Following the glorious wine and food, I journeyed around the tiny streets of Arles for a while until later in the day when I came across the following famous cafe. [The first person to correctly name this places' significance in the comments section will receive a bottle of my own homemade Honey Tangerine bitters.] Regardless of the quiet establishment's history, the strong coffee they served up was superb - particularly when sweetened by a splash of Orgeat syrup in a handily-named Cafe au Orgeat. My only regret about this particular stop was that I wasn't in Arles (or even Marseilles) at nightfall and so could not have gotten a much more apropos look at the cafe...
Les Baux de Provençe
Before my return to the ship, the final stop of the "Provençe on your Own" tour (read: glorified bus transport) I had undertaken was at the medieval village of Les Baux de Provençe. Built on a truly incredible location, this one-street tourist-town, complete with the ruins of a medieval castle, is precariously perched atop a limestone cliff, overlooking the scenic valley pictured at left. The shops here largely carry an interesting variety of art, homegoods and spices alongside artisanal spirits & liqueurs. Absinthe and Pastis were everywhere, with literally dozens of both lining the shelves of most every shop, as well as the numerous types of specialty glasses, spoons, fountains and drippers which facilitate their enjoyment. Though I contemplated purchasing one of the many beautiful blown-glass absinthe fountains I saw, I limited my purchases to several more interesting (& easier to transport home) items of local origin:
Though I was in Barcelona for only one full day after the ship disembarked, it certainly was a culinary dream of sorts, one whose brevity required me to enjoy it in a mad dash about the city. Barcelona is a wonderous city, particularly from an architectural and aesthetic standpoint, with a plethora of things to see and do - made simpler by the (genius) tourist bus lines which run preset routes through the city. A sort of combination multilingual tour-guide & taxi service, these brightly-colored buses take one nearly anywhere you would care to go, highlighting stops one may not have known of along the way & allowing one to see as much of the massive city as possible.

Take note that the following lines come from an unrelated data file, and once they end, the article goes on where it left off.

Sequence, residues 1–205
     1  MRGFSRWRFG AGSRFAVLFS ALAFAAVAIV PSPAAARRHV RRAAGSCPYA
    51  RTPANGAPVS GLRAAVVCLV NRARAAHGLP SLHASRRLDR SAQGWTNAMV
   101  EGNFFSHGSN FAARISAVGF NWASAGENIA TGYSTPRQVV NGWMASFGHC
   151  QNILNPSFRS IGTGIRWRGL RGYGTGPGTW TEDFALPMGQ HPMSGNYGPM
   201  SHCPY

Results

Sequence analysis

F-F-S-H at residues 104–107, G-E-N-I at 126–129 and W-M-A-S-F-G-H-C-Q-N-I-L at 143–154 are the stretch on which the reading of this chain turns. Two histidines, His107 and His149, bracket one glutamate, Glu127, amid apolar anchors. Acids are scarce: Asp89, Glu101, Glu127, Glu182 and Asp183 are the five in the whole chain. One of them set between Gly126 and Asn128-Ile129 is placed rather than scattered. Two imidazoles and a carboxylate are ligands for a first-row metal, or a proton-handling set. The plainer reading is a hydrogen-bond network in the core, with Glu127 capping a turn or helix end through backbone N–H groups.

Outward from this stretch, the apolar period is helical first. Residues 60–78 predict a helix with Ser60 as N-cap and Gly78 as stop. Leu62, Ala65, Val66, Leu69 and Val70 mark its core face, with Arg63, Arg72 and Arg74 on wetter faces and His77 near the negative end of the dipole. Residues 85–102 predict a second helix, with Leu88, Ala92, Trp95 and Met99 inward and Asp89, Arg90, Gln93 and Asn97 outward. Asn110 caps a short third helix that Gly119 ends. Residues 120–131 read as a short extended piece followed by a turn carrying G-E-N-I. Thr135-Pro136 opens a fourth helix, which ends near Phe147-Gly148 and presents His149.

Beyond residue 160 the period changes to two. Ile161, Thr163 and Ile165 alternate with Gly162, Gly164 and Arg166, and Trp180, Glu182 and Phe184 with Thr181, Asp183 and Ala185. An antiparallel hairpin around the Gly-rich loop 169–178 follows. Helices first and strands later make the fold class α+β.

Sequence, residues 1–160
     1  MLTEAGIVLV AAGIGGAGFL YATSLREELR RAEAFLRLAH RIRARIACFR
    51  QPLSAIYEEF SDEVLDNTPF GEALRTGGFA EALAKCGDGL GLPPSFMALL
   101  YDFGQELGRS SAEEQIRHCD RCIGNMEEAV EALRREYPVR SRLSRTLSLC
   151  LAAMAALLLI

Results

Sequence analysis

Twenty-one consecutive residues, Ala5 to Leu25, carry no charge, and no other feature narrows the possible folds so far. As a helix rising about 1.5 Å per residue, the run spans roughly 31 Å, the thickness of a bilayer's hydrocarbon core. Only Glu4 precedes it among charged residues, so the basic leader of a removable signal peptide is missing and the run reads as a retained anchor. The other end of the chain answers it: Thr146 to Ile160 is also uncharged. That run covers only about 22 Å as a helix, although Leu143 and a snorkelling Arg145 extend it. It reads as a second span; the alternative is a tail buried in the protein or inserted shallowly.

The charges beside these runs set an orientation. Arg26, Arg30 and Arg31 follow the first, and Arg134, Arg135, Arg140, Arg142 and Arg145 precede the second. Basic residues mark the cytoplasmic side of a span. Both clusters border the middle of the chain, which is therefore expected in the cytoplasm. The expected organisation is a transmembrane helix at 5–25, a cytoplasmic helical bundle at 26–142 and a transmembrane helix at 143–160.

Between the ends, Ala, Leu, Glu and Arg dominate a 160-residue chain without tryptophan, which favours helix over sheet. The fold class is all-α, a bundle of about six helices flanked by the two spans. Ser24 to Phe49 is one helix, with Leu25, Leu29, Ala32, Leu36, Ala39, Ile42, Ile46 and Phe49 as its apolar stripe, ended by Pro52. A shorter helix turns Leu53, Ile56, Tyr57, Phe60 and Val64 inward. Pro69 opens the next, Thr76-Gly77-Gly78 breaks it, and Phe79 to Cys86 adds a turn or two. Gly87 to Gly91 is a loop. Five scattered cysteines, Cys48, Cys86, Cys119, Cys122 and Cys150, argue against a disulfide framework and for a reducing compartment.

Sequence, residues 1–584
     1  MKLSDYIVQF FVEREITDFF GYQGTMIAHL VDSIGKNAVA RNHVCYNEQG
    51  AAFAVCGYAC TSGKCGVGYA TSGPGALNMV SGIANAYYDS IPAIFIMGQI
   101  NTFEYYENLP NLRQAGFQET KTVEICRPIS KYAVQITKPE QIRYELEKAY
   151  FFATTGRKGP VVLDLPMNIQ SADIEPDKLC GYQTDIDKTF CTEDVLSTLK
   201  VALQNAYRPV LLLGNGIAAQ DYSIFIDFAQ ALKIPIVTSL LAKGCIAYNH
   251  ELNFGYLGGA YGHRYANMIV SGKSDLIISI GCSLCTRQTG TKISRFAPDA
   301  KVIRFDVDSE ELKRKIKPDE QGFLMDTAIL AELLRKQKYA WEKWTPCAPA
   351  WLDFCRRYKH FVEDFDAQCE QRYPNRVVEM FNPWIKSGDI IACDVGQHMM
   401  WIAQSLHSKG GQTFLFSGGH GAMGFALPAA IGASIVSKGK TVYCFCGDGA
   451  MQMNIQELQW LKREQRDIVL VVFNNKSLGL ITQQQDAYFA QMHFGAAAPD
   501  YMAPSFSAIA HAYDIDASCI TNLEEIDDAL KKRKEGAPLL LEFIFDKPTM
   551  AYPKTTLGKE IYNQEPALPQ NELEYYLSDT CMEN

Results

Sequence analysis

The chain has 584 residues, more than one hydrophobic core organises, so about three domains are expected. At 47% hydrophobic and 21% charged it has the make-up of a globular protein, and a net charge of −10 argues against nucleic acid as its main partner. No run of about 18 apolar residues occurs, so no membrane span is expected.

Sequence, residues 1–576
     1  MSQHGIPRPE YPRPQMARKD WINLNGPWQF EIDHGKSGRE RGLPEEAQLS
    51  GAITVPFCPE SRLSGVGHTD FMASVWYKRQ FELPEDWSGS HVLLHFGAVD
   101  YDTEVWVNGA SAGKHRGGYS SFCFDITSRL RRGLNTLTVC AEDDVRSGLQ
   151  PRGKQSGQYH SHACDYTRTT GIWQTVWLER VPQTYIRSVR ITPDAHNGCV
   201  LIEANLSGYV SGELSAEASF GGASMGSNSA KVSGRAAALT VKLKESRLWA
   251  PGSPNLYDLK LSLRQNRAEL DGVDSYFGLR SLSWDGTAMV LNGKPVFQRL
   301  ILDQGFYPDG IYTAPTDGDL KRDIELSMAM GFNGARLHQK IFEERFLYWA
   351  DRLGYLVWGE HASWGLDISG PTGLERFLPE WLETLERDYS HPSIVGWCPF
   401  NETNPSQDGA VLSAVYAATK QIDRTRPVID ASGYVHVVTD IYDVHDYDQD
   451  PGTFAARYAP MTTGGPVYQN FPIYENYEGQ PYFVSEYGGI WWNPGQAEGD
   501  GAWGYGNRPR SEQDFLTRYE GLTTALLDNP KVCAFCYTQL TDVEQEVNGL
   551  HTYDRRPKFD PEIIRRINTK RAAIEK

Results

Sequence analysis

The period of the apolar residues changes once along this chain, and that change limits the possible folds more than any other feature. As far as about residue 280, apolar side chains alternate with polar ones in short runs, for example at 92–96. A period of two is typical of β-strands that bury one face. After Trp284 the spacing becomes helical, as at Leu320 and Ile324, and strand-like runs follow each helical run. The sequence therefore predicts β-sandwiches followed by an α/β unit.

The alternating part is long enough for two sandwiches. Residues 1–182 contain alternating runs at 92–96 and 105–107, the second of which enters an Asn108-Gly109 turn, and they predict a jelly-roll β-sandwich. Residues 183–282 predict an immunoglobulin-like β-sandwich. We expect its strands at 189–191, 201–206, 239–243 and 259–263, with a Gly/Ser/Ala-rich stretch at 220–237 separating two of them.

After lunch I worked my way towards the central portion of the city with a purpose - a stop at the famed bar Dry Martini. Dimly-lit and quiet at the time of my late afternoon visit, this gorgeous, classy spot is lined from floor to ceiling in antique bar equipment, books and cocktail-artwork - making it a kind of museum of the bartender's craft. The specialty drinks served across its' long hardwood bar were excellent, a blend of classic recipes - Martinis, Frappes, Highballs - with modern interpretations on the above.
Unable to get a reservation on such short-notice at Dry Martini's highly-rated restaurant Speakeasy, I inquired with the hotel concierge for an alternative dinner spot. Though, to me, an unlikely name for a restaurant, "The Crazy Crab" would prove to far outstrip even the most glowing recommendations I received for it. I returned to the harbor area not far from where I had lunch to the last building along the Port Olímpic piers. What followed ranked among the top five meals of my entire life, no fooling:
Cheers & Thanks!